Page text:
You can see it gives you the choice of images that it can find on the page, as well as giving the option for you to upload your own too.

In this example, I've used a post from Hannah Arscott's Kissing Spines blog, but you can of course run through the same process on your own blog with a simple click of the Buffer extension in your toolbar.


Using Buffer to Retweet & Quote Retweet

Another amazing feature of Buffer is that you don't actually need to leave Twitter to use it. If like me, you struggle for time to go through your Twitter feed everyday and share the content that you've really enjoyed, Buffer can really help you out. 

Every few mornings, over my morning coffee before I start my working day, I open my @TeamTunnah Twitter feed, and on the tweets that I'd like to retweet, I simply hit the green Buffer button - yes, it adds an extra button in Twitter for you!!


Here, I can add my own tweet t create a quoted retweet and hit the green button, or just hit the 'Buffer Retweet' button. Either way, you're then taken to the Buffer overlay, where you can choose to add to a queue, schedule, share now or share next.

The main reason I use this for retweeting is to avoid "spamming" my feed with a few days of content in one quick hit. There are 5 spots in my queue per day, but if I add scheduled content in too, I can have as many as I want - you soon get used to your queue times to avoid a clash of content going out at a close time. Plus scheduled content can be interdispersed in between your queued content so there's no prioritisation through the queued content.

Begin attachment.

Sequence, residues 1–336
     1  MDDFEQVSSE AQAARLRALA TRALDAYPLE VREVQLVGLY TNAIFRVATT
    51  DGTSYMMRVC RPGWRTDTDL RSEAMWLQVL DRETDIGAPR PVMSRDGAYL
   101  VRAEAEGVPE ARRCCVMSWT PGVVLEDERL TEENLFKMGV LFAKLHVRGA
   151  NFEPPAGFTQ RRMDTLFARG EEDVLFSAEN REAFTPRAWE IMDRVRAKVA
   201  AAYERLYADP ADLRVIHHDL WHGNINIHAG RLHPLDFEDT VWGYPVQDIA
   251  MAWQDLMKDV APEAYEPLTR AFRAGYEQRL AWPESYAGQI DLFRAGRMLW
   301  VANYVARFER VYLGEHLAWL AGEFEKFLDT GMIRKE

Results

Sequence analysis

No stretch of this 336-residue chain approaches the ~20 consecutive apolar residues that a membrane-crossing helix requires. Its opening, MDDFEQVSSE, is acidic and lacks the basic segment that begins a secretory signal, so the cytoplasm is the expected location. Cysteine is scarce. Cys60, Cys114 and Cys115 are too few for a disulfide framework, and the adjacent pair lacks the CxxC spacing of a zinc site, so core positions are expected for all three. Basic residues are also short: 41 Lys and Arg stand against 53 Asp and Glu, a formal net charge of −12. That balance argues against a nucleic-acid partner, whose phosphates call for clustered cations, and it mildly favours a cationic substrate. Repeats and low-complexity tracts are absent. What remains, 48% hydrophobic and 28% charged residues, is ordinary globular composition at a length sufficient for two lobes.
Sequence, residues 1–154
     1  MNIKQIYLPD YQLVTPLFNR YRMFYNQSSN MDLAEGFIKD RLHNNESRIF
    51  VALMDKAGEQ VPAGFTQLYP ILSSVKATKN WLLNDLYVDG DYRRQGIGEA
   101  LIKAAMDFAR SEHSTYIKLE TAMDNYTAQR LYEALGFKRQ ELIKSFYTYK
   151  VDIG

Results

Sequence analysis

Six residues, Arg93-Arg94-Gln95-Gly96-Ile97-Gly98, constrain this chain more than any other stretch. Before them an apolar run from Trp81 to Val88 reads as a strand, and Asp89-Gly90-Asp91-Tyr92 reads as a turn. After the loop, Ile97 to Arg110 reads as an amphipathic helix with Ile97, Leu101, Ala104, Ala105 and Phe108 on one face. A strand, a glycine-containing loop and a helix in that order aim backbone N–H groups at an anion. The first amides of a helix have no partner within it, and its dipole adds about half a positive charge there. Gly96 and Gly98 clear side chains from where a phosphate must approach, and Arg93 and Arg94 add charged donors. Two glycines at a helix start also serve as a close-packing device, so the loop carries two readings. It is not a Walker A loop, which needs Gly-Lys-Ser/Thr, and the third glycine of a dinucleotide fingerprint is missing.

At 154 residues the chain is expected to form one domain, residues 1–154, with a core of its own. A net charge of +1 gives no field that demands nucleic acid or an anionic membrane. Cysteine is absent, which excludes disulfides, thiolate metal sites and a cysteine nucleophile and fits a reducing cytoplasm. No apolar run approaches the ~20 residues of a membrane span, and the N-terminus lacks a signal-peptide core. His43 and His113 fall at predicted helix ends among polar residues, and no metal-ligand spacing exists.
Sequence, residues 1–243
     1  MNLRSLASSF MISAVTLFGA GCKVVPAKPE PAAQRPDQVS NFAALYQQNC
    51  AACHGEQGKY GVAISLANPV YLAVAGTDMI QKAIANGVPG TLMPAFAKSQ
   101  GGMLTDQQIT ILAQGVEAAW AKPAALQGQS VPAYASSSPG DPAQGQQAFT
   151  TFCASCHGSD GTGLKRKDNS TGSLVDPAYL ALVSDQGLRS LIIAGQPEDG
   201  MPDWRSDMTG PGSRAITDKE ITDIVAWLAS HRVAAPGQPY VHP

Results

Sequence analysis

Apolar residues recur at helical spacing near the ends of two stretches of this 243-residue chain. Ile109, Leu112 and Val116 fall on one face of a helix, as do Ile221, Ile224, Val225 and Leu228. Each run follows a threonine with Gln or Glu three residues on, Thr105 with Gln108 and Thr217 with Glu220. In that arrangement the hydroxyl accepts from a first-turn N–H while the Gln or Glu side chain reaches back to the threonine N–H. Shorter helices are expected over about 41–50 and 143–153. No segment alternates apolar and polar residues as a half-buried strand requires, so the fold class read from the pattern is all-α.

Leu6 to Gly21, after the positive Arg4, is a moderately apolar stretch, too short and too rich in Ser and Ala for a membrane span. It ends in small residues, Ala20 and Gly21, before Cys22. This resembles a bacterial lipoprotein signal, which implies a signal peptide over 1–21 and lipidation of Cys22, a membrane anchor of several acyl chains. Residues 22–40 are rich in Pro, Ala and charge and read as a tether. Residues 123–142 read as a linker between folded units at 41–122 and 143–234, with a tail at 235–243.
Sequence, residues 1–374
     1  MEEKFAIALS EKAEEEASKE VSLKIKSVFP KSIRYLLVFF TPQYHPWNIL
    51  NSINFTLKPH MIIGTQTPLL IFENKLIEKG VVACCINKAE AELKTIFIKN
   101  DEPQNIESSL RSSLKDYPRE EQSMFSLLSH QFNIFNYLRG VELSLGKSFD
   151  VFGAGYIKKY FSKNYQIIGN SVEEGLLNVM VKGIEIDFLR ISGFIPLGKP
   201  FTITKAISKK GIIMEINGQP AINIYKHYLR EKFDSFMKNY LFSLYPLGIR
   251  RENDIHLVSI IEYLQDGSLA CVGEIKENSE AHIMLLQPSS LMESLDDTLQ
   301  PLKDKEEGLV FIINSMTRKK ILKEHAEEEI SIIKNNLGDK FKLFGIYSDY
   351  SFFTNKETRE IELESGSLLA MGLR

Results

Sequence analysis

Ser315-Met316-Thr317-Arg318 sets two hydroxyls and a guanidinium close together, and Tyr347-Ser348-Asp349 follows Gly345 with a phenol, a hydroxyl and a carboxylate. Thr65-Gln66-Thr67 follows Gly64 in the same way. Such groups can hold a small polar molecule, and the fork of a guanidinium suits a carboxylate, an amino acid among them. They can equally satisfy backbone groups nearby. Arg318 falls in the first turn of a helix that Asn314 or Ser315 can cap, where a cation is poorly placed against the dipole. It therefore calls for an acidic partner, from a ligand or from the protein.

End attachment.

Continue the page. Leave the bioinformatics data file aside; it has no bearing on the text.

Spend time filling your Buffer queue

Keeping your Buffer queue topped up is very easy, and best of all, they send you an email to let you know it is empty after the last tweet goes out meaning you get a reminder to sit down and do more!

Whether you top it up daily, weekly or whenever you find a spare 10 minutes, you'll always have content ready to go and know exactly when that bank of content has emptied right out!

What about links in Buffer?

You still have the 140 character limit in Buffer, and it allows "free" characters for images in the same way the main Twitter platform does. But Buffer comes with a built in link shortening feature as well as being able to connect with a couple of other shortening tool such as bit.ly

However, personal preference for my own Twitter activity, I don't like seeing a buff.ly link in my tweets, so I have chosen to use none of this feature, and it keeps my full URL but still only takes the 23 characters - the same as the Twitter interface.

If you're like me, to switch this off, head to setting, and select the 'No Shortening' option.


Other tools that you can schedule with on Twitter

The main Twitter interface has the ability to schedule tweets through its ads section. You don't actually have to run any ads to use it, but you do need to enter card payment details, even though it is free to use.

I personally find it more clunky than Buffer as there's no quick integration with sites that your visiting, or for scheduling retweets. There's also no automated queue, so all tweets are scheduled.

For me, Buffer is a nifty little free tool that enables me to quickly build a constant feed of activity to my audience, without the need to be "glued" to the interface or my phone!

------------------------------------------------------------

Found this post useful? Please pin it to share it for others to enjoy!